Year : 2014  |  Volume : 6  |  Issue : 1  |  Page : 17-24

Ameloblastoma: Our clinical experience with 68 cases

1 Maxillofacial Unit, Ahmadu Bello University Teaching Hospital, Shika-Zaria, Kaduna State, Nigeria
2 Army Dental Centre, Bonny Cantonment, Lagos, Lagos State, Nigeria

Correspondence Address:
Benjamin Fomete
P. O. Box 3772, Kaduna
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Source of Support: None, Conflict of Interest: None

DOI: 10.4103/0975-8844.132570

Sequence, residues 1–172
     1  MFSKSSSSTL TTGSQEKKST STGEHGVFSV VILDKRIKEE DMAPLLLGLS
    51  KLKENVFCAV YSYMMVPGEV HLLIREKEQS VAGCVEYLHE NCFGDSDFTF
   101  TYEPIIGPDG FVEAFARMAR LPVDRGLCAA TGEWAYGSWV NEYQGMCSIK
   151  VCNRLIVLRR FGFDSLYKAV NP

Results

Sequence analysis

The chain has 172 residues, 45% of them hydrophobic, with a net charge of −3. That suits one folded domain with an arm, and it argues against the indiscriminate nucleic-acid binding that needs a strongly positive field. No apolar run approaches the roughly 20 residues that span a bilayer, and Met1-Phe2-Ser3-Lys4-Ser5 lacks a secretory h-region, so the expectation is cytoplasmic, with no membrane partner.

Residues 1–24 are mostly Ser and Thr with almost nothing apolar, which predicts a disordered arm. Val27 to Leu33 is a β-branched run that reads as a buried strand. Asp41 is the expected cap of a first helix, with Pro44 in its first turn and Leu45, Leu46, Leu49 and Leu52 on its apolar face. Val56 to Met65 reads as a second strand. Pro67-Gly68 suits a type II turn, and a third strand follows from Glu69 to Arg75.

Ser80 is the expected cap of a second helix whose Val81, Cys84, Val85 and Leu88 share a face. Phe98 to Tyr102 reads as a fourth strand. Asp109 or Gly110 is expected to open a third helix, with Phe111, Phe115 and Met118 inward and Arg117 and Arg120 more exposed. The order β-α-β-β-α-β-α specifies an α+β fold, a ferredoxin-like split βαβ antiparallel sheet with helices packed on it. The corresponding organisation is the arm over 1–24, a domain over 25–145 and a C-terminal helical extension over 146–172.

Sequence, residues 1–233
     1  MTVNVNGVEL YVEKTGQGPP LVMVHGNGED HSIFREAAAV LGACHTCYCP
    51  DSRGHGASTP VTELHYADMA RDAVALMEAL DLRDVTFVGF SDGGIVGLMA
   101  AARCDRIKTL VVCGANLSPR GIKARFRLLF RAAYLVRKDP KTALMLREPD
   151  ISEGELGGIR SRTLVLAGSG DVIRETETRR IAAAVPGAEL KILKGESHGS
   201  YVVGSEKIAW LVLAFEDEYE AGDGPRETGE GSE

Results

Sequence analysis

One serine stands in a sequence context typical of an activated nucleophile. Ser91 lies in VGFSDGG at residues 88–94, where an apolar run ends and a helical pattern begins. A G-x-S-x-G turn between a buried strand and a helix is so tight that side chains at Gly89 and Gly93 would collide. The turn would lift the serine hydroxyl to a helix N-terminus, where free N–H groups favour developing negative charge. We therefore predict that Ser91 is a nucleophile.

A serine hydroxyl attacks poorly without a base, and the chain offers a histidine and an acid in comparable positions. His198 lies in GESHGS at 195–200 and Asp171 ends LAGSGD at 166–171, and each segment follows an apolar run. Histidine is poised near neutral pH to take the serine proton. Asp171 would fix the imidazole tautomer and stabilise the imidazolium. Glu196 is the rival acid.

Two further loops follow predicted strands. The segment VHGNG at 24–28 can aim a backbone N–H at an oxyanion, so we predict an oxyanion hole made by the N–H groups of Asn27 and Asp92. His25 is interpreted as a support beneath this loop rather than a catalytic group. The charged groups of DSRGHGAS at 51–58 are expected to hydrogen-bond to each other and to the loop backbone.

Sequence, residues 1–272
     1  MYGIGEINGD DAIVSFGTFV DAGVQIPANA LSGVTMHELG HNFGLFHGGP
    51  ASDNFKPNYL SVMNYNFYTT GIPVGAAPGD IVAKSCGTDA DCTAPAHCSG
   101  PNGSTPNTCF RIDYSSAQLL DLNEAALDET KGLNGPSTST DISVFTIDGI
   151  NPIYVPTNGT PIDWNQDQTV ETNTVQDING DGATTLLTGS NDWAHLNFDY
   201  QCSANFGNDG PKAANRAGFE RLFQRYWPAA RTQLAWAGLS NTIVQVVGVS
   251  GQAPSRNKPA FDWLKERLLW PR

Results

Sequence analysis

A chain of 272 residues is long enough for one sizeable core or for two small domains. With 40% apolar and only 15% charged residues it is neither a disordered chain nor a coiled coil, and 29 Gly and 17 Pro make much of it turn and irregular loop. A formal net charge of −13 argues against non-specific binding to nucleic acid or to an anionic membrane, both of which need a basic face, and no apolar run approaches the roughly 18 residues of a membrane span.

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Introduction: In this environment, previous workers have reported on the challenges of managing large sized ameloblastoma of the jaws with less than adequate facilities. The aim of this review is to present the management of 68 cases of ameloblastoma with emphasis on surgical care. Materials and Methods: Retrospective survey of case notes of patients with histopathologic diagnosis of ameloblastoma (using the criteria of Barnes et al., 2005) seen between January 2006 and August 2010 at the Maxillofacial Unit, Ahmadu Bello University Teaching Hospital, Shika-Zaria, Nigeria was undertaken. Data collected includes histopathological diagnosis, age, gender, clinical information on site of lesion, form of intubation and surgical procedure performed. Results: Out of 94 patients, 68 with histological diagnosis of ameloblastoma (59 mandibular and 9 maxillary) were operated within the study period. The remainder (26) was not treated in hospital. Among 68 patients treated, more were males (38) than females (30), giving a male to female ratio of 1.3:1. The age range was between 14 and 74 years (mean-standard deviation). The duration of the symptoms ranged from 7 months to 24 years, most were follicular ameloblastoma (n = 13) followed by acanthomatous type (n = 7). Endotracheal intubation was the most common (n = 55) followed by fiber optic laryngoscopy (n = 8). The surgical approach most used was extended Risdon with intraoral (n = 24) followed by extended Risdon with lip split and intraoral (n = 17). Segmental resection (en block) formed the bulk of our procedures (n = 22) followed by subtotal mandibulectomy (n = 16). Conclusion: The treatment of ameloblastoma remains controversial. Its destructive nature has left patients with wide defects difficult to reconstruct.

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